Otomo T, Tomchick DR, Otomo C, Panchal SC, Machius M, Rosen MK.. Structural basis of actin filament nucleation and processive capping by a formin homology 2 domain. Nature 433: 488-494

Department of Biochemistry, University of Texas Southwestern Medical Center at Dallas, 5323 Harry Hines Boulevard, Dallas, Texas 75390, USA.
Nature (Impact Factor: 41.46). 03/2005; 433(7025):488-94. DOI: 10.1038/nature03251
Source: PubMed


The conserved formin homology 2 (FH2) domain nucleates actin filaments and remains bound to the barbed end of the growing filament. Here we report the crystal structure of the yeast Bni1p FH2 domain in complex with tetramethylrhodamine-actin. Each of the two structural units in the FH2 dimer binds two actins in an orientation similar to that in an actin filament, suggesting that this structure could function as a filament nucleus. Biochemical properties of heterodimeric FH2 mutants suggest that the wild-type protein equilibrates between two bound states at the barbed end: one permitting monomer binding and the other permitting monomer dissociation. Interconversion between these states allows processive barbed-end polymerization and depolymerization in the presence of bound FH2 domain. Kinetic and/or thermodynamic differences in the conformational and binding equilibria can explain the variable activity of different FH2 domains as well as the effects of the actin-binding protein profilin on FH2 function.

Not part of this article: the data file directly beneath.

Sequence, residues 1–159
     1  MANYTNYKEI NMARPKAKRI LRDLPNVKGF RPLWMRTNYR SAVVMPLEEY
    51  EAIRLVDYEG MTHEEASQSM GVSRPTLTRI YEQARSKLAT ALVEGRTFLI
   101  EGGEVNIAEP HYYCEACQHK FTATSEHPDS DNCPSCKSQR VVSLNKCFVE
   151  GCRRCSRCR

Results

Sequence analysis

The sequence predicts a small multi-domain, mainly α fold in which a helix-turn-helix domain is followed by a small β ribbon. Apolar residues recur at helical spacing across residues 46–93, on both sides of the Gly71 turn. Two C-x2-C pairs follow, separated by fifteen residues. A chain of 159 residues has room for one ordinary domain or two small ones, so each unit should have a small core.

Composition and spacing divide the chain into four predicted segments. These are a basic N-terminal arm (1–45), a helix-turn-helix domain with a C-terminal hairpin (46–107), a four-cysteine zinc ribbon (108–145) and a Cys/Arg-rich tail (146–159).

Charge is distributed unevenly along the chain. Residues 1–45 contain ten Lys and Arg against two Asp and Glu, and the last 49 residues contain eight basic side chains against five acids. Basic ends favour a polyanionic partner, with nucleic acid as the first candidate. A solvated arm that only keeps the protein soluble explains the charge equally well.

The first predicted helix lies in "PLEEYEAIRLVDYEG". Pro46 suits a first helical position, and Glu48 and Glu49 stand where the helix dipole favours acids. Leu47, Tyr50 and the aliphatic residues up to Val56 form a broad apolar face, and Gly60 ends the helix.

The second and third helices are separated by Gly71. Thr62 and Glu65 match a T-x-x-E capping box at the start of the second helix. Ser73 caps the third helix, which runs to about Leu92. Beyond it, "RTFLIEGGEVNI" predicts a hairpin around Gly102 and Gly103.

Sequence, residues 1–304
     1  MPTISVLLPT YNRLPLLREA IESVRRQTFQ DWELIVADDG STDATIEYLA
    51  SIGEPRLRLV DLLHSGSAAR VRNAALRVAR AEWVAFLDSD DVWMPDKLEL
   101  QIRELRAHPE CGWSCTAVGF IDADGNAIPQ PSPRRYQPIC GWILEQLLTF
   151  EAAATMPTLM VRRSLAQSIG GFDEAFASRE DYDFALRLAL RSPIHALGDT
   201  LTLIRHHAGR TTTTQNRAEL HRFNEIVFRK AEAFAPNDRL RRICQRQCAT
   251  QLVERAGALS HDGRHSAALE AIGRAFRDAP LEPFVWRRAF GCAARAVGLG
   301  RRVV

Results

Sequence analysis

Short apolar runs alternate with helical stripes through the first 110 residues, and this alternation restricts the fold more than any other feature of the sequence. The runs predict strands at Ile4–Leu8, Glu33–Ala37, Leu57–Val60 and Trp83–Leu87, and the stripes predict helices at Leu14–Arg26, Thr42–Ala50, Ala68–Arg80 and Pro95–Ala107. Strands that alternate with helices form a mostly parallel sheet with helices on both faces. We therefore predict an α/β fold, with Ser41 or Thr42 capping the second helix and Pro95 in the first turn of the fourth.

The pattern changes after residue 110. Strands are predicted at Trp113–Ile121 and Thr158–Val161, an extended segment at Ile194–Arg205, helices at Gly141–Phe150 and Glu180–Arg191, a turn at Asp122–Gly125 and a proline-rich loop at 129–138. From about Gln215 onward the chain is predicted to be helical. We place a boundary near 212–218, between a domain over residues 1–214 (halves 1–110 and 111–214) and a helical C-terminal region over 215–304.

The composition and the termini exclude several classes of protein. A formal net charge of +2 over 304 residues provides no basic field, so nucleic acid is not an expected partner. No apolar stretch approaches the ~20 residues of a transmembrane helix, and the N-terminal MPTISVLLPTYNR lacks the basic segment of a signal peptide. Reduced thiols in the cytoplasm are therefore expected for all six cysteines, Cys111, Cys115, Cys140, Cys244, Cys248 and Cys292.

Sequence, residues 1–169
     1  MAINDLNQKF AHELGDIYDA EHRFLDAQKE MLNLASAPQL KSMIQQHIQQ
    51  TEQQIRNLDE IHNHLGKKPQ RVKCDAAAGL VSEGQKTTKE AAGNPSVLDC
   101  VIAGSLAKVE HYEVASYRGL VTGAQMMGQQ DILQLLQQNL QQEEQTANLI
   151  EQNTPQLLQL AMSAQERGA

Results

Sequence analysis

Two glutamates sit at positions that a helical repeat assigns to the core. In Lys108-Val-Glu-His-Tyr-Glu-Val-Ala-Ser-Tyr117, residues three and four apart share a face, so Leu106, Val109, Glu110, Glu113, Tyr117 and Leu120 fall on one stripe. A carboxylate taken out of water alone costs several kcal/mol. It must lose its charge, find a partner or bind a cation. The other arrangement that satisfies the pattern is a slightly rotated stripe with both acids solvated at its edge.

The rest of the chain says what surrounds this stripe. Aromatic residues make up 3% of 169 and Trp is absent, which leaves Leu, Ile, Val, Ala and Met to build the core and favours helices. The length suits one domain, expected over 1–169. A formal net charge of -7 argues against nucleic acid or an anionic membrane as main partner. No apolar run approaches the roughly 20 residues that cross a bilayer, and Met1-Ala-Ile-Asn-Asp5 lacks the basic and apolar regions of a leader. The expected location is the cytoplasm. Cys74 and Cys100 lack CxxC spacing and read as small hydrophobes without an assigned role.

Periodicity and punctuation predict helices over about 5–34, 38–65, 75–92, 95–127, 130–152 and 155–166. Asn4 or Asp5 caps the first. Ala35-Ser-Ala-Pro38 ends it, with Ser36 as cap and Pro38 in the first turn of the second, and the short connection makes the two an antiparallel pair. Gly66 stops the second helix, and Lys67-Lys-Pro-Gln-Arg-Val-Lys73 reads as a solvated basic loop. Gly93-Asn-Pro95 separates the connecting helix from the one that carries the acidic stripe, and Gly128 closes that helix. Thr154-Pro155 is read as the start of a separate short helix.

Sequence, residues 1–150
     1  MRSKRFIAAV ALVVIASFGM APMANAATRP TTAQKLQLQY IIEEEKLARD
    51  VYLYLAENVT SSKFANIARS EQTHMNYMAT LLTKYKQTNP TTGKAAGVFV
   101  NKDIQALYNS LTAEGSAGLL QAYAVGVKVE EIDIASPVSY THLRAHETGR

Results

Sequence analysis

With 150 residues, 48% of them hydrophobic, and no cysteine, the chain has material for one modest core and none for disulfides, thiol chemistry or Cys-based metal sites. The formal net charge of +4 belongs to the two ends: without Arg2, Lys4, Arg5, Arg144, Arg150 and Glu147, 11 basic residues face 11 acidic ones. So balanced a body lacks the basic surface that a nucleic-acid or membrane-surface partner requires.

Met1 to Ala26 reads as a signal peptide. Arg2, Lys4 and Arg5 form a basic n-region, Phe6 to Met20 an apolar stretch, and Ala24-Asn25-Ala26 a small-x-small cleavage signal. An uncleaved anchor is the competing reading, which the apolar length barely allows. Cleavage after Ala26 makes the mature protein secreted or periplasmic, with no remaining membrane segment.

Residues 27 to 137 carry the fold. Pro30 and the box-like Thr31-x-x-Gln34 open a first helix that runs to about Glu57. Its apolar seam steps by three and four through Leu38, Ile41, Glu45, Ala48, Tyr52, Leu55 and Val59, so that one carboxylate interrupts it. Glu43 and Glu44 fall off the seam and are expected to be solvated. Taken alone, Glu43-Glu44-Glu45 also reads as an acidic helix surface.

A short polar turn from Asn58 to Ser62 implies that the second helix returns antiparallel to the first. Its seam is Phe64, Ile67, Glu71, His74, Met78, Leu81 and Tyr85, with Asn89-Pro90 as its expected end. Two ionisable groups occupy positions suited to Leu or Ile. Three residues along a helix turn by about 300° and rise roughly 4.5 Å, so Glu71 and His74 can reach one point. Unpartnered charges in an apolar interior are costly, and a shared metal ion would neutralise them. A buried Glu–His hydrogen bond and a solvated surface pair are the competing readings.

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Available from: Mischa Machius
    • "Three actin subunits and a Bni1 FH2 domain dimer from the crystal structure of the complex (PDB: 1Y64) are shown in shades of blue and green, respectively. The interaction with the formin arranges the actin subunits in a filament-like orientation that is proposed to lead to formation of a nascent filament (Otomo et al., 2005b). Bud6 flank (yellow) is docked based on superposition of the present structure with the light-blue actin subunit. "
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    ABSTRACT: In budding yeast, the actin-binding protein Bud6 cooperates with formins Bni1 and Bnr1 to catalyze the assembly of actin filaments. The nucleation-enhancing activity of Bud6 requires both a "core" domain that binds to the formin and a "flank" domain that binds monomeric actin. Here, we describe the structure of the Bud6 flank domain in complex with actin. Two helices in Bud6(flank) interact with actin; one binds in a groove at the barbed end of the actin monomer in a manner closely resembling the helix of WH2 domains, a motif found in many actin nucleation factors. The second helix rises along the face of actin. Mutational analysis verifies the importance of these Bud6-actin contacts for nucleation-enhancing activity. The Bud6 binding site on actin overlaps with that of the formin FH2 domain and is also incompatible with inter-subunit contacts in F-actin, suggesting that Bud6 interacts only transiently with actin monomers during filament nucleation. Copyright © 2015 Elsevier Ltd. All rights reserved.
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    • "We previously found that three mutations in Capu's post region (K851A, K853A, and K858A) similarly enhance Capu's actin assembly activity in bulk assays (Roth-Johnson et al., 2014). Otomo et al. (2005) also demonstrated that two knob mutations in Bni1p slightly enhance its in vitro activity. Although rare, mutations that accelerate, rather than slow, a formin's actin assembly activity have now been identified in the loop, post, and knob regions of the FH2 domain. "